With limited resources and huge ambitions, you want to hire employees who can do work that nobody else can, right? That might be a valid intuition. But no single employee should hold the keys to the Castle, because when they leave, nobody will be able to get inside.
A good question to ask yourself is, “what if employee A or B quit tomorrow, what would happen to us?” Think and act on that question for every single one of your employees. Make sure to build a great team culture by treating everyone equally and letting them know that you value everyone in the team equally, despite the job complexity. If there are tasks that only a single person knows how to do, then you have a problem.
Fortunately, there’s a solution to that problem.
2. Keep your team happy
By building a strong culture in the company, you don’t just build a better and enjoyable working environment, you also improve your chances of succeeding as a company.
When your team have great trust in you and realize that you have their best interest at heart, they won’t feel threatened to let you know they are leaving or even considering it. And when they do decide to leave, they will want to do it on best terms possible. They will be willing to help with the transition: referring a replacement, training that replacement or any other help you might consider asking them.
The transition gets even more smoother when you follow the next rule.
3. Document everything!
Your first few employees will acquire a great deal of knowledge about the company’s work. They will know what has worked and what has not. How to deal with certain clients and list of suppliers that they have contacted. Someday when these employees leave, someone else who replaces them will need to know how to do those things too.
This is the reason why documenting or keeping records of everything your first few employees know is paramount to your business. As the business grows and new employees come on, either to grow the team or replace departed employees, bringing people up to speed becomes a huge challenge.
Here in Castle Black Studios, we have replaced emails with Workplace, a communication tool, which saves all employee conversations and documents online. We can, whenever deemed necessary, search for it and provide it to new employees. It also provides a great source of communication with our clients with our game art outsourcing productions. You can use Workplace or any other similar communication tool with similar functions to effectively replace emails and document almost anything related to your employee knowledge.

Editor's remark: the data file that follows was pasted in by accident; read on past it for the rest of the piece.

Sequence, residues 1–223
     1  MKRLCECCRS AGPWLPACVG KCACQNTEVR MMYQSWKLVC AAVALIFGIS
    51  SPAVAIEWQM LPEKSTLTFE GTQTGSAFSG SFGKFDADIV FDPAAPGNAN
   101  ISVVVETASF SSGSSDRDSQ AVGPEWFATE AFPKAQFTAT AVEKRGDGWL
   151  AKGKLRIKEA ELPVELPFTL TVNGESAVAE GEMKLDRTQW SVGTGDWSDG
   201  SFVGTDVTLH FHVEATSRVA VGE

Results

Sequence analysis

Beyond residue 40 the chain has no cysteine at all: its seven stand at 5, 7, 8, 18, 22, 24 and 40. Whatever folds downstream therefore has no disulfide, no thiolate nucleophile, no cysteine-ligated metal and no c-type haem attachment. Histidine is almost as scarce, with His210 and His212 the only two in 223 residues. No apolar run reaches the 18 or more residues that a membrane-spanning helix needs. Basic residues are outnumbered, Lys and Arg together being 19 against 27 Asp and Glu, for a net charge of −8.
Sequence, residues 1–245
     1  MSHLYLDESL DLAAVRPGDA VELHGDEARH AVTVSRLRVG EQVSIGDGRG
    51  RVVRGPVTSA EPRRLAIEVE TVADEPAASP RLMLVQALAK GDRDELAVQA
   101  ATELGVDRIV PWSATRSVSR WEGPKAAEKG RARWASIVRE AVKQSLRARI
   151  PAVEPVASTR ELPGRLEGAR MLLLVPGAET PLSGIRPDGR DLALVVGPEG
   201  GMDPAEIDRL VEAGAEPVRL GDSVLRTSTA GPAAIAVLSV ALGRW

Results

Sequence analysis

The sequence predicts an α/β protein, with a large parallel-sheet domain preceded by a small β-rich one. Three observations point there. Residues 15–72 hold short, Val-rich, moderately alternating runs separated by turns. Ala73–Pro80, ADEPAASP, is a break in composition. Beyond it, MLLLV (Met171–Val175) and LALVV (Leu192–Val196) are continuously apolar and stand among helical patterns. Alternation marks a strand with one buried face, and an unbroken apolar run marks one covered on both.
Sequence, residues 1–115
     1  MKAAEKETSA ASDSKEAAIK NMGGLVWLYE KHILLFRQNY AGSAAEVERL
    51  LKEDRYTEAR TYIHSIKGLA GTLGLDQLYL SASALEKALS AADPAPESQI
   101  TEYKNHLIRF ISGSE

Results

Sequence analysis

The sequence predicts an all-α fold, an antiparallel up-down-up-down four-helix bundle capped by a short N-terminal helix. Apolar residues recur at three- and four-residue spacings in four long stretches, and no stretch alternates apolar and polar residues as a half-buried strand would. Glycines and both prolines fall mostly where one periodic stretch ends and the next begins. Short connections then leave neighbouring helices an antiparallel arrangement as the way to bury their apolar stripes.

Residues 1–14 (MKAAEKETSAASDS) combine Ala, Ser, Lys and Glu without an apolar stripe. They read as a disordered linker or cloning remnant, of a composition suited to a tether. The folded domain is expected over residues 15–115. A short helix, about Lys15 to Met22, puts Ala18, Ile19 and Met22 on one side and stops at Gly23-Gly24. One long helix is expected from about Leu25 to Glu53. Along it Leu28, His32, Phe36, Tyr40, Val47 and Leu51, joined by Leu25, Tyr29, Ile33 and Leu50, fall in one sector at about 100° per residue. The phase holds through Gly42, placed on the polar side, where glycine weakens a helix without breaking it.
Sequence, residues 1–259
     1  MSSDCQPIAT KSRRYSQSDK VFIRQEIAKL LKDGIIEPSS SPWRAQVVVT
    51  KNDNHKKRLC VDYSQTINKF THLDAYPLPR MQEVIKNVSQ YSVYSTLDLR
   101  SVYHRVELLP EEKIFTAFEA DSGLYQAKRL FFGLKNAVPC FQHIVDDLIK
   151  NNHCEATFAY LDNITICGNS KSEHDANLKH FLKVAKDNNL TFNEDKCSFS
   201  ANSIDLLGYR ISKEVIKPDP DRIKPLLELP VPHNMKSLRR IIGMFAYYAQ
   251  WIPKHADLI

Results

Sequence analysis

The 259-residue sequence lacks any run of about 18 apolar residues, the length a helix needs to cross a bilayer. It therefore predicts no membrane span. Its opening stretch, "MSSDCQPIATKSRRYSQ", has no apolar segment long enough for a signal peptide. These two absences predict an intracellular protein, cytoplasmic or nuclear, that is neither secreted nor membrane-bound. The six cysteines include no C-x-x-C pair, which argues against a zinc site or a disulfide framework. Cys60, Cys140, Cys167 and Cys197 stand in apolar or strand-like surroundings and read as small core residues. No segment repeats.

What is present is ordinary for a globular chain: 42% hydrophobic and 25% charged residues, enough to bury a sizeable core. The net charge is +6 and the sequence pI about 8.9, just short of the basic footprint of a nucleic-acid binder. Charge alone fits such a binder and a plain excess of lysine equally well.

Be a Teacher
It is equally important in being a successful human being as it is to being a successful CEO. I take great pride in being a teacher more than a CEO, because the thing that I learned is that almost all teachers will always want their students to be more successful and better than themselves.
Sometimes, your employees will outgrow the role you’ve given them. And if you can’t provide that next step, then it is only right that someone else should. They’ve worked hard and brought value to you and your company. Maybe they will again someday.
But for now, accept that it’s their time, wish them the best, and mean it.
You probably won’t take this advice the very first time a key employee quits. I’d certainly heard it before, and it didn’t help me. Emotion takes over. You learn these lessons over time.
But I hope that this blog post makes you smarter and better about it than I was.
TAGS:Art of Letting GoShaik RamzanBest EmployeesQuitting JobHow to deal with employees quitting jobgame art outsourcingame company in chenniagame art company in chennaiart productionemployee departurefounderentrepreneurpassionpersonal goalsemployee satisfactionindispensibleteam culturedocument everythingworkplaceteacher